Billy, The Kid: cont.


     After the killing of Tunstall, Billy joined the forces of the Tunstall fraction in seeking revenge.  His first attempt resulted in embarrassment, which only served to fuel his hatred.  He joined a policeman in the effort to serve a warrant on members of Mortons posse – as a result Billy was jailed for three days and suffered the humiliation of having his rifle confiscated by Sheriff Brady.

    After Brady released The Kid he joined Tunstall’s foreman, Dick Brewer, and a posse  which called themselves “The Regulators” in a search for his former employers’ killers.  Somewhere near Rio Penasaco, they flushed William Morton and another deputy Frank Baker out.  After a five mile running gun battle, Morton and Baker agreed to surrender after being promised by Brewer a safe return and a fair trial.  Along the way Morton was premitted to pen a letter to a relitave in Virginia in which he wrote “There was one man who wanted to  kill me after I had surrendered and was restrained with the greatest difficulity by the others.”   On the third day of the journey  to Lincoln, while the party was strung out, The Kid and one other killed both men, and apparently one of the posse who had tried to stop them.

      Three weeks later on April’s Fools Day, 1878, Billy and at least five others ambushed Sheriff Brady, Deputies George Hindman and three others, as they strolled down the main street of Linclon.   Brady was killed instantly and Hindman lay bleeding in the dust while the other deputies escaped.  Billy broke cover and scurried to pick up Brady’s rifle – the very one he had taken from the kid.  Billy Mathews, one of the fleeing deputies, fired with his rifle, inflicting a painful flesh wound to the inside of one of Billy thighs.  He might have easily fled town, but with his new found bravado he hid instead.     One presistant story is he hid inside an empty barrel while a Mexican woman made tortillias on the top as her house was searched.

      Three days later, The Kid, riding with Dick Brewer and The Regulators tangled with Andrew “Buckshot” Roberts at a spot called “Blazer’s Mill”, southwest of Ruidoso, in  one of the old west’s classic shootouts.  The outcome left Brewer dead and Roberts dying of his wounds.

    On April 9, the county commissioner appointed John Copeland as sheriff, but on June 1 Governor Samuel B Axtell removed Copeland and appointed George “Dad” Peppin instead.   Peppin had been one of Brady’s deputies.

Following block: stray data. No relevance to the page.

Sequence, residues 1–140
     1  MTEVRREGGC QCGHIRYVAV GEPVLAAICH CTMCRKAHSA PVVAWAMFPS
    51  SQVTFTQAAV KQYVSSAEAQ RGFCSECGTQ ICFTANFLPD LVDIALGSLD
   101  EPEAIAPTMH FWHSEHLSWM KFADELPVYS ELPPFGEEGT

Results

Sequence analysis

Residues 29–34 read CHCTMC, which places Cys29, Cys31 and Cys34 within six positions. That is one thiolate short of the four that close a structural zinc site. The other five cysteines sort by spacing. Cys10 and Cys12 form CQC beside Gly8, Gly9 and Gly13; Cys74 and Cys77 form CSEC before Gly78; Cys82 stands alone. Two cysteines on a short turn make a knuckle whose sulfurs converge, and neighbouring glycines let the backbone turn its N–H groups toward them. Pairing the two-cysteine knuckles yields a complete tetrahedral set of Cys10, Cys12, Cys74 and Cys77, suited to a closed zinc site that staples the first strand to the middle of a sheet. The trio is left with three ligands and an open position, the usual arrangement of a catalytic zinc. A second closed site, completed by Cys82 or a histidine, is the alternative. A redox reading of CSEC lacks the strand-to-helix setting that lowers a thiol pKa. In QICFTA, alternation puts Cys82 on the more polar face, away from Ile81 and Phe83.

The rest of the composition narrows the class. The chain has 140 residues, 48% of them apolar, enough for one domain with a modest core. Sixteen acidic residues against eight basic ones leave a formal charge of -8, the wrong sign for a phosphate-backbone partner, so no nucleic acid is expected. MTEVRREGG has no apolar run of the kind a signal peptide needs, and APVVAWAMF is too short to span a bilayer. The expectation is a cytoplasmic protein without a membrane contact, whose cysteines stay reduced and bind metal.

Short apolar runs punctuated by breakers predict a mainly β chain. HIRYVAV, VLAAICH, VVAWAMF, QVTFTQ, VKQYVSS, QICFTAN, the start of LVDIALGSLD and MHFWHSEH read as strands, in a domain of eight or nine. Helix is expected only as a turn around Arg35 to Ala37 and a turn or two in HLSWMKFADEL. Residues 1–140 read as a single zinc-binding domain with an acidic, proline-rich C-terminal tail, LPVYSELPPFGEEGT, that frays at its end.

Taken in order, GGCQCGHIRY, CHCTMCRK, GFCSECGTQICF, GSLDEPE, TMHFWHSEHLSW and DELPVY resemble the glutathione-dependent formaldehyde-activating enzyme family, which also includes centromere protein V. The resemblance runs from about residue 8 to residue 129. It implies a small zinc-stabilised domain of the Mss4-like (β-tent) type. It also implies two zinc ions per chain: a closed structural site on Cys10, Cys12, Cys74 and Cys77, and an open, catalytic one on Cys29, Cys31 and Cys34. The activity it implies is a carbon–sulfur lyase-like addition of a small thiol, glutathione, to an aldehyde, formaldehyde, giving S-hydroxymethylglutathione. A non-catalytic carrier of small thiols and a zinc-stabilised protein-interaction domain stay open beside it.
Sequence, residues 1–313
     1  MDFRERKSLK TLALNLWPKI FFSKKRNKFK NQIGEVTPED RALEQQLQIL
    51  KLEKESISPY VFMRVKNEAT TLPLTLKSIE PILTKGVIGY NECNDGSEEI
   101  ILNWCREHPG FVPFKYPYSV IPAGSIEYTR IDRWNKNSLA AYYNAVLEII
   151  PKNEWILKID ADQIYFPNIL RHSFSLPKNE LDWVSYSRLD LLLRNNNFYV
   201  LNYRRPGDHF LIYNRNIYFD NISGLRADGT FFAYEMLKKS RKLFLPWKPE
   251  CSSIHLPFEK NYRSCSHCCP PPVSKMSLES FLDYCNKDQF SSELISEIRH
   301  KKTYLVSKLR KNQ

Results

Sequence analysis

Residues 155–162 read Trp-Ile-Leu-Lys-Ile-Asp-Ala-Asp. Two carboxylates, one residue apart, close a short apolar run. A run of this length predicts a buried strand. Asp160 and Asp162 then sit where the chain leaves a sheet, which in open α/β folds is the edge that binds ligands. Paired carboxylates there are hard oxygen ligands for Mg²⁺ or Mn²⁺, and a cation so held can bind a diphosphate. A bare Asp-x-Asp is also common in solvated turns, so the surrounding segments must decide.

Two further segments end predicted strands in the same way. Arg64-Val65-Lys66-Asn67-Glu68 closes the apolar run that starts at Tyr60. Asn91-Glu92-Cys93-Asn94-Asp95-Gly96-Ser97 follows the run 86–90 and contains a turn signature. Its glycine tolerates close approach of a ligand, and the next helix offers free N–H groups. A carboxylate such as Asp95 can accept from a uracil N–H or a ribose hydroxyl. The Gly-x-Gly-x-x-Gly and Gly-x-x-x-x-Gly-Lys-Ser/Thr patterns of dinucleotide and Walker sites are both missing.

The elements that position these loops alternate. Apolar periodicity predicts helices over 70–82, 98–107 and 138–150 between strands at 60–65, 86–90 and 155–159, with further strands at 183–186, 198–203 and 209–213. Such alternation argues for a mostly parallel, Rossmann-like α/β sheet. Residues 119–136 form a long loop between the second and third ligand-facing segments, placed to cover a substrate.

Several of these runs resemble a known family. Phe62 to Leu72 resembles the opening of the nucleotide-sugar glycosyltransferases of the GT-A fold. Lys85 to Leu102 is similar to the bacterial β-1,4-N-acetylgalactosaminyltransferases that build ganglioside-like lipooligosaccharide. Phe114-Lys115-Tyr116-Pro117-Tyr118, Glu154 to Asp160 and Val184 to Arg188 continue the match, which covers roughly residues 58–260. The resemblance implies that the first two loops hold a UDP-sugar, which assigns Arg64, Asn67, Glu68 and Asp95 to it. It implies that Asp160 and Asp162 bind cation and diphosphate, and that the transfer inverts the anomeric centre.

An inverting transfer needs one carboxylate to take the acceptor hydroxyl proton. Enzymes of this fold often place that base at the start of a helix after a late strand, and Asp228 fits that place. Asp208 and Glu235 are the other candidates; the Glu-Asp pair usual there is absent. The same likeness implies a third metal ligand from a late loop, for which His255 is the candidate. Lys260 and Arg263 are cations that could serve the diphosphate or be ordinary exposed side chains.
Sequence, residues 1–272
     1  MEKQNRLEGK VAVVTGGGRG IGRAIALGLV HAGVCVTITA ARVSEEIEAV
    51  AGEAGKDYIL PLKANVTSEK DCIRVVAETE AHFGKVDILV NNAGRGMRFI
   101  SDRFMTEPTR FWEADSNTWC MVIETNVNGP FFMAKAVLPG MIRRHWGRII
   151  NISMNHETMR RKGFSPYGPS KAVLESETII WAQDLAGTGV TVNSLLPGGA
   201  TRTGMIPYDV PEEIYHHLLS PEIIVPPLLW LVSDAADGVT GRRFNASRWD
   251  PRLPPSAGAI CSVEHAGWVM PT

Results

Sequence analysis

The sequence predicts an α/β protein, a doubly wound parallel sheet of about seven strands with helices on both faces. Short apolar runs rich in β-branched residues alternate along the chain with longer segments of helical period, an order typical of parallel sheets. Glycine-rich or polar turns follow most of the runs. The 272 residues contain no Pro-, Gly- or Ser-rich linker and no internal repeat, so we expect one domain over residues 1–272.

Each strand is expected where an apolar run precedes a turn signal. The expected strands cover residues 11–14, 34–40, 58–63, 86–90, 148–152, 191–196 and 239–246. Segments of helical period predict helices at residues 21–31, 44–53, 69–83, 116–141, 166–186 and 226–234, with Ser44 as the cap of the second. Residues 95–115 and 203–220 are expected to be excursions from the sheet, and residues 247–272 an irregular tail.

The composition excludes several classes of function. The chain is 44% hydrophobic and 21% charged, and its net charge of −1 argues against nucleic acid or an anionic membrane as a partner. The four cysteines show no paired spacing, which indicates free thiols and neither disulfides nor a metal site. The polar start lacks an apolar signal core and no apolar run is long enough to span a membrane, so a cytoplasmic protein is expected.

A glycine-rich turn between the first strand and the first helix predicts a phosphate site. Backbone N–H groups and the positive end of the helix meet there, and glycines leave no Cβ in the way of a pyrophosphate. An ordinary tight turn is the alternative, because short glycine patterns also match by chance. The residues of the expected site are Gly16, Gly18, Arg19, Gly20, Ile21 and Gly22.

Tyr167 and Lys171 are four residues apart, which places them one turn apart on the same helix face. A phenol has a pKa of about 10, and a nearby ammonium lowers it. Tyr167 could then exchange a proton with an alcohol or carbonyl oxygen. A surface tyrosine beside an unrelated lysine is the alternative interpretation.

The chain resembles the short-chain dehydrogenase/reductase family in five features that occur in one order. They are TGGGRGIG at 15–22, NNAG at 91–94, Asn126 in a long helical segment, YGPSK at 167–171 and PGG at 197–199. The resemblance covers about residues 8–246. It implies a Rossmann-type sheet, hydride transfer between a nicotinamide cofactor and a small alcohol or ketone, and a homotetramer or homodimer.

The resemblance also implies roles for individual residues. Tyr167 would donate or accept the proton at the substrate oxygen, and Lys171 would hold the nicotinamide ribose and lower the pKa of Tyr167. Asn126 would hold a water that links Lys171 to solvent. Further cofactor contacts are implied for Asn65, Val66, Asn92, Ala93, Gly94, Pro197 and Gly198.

With the death of Brewer and Tunstall,  Billy turned his allegiance to McSween.  On  July 14 McSween led a force of fifty to sixty men, including The Kid, into Linclon.  He made no effort to take over the town, although he had warrants from a justice of the peace for the arrest of Pippin’s men. instead he sealed off three down town buildings and barricaded them.  Before he could make up his mind to fight, reinforcements for the sheriff’s men arrived and the odds shifted in favor of Peppen.

      In the first three days of desultory fire, the only casualities were one horse and a mule.  At one point the besigers heard Mrs. McSween gaily playing the piano during the exchange.  However these gay entertainments soon ceased.

         Colonel N. A. M. Dudley, of Fort Stanton, brought his troops on the “pretense” that one of his men had been fired upon by a McSween man.  Along with his troops he brought a Gatling Gun and a Mountain Howitzer.  Although he took no part in the firing, he camped near by.  Disheartned, McSween’s men began to slip away.  Leaving only McSween, his wife and about fourteen men – including Billy. 

      On the fifth day of the seig, the attackers managed to get close enough to set fire to the wooden doorways and windows of the hous, and soon the furniture caught fire also.  McSween had refused to use a gun himself on the lawyer-like grounds that if he particaped in the fight it would invalidate his $10,000 insurance policy.  He soon lost interest in the fight and left Billy without a leader, So The Kid became a leader.  As the fire forced the defenders from room to room Billy convinced Mrs. McSween to leave the house, but would not permit anyone else to leave, at one point threatening a wounded Mexican gunslinger from going.   Billy killed one beseiger that got as far as the door.

      Billy – now compeletly in charge – persuaded the others to wait until night fall to make an escape.  About 9 p.m. the flames became more intense and Harvey Morris, who read law in McSweens office, made a dash out the side door- he was promptly shot down. Quickly on his heels dashed Billy and several companions – all escaped into the darkness.

    Left inside was McSween and a few others who feard the gunfire as much as the flames.  “Will you accept our surender?” McSween called to Pippin.  A deputy named Robert Beckworth answered he would.

     Beckworth stepped forward to accept the guns from the surrendering men as fresh gunfire erupted.  No one knows who started it.  But when finished Beckworth, McSween and several others lay dead.

        “The House” was too weakened to ever recover or exert political power in Lincoln County.  Many of the leaders of both sides were dead and for all intents and pourposes the Lincoln county was over.  All that remained was to round up the fugitives.




more later


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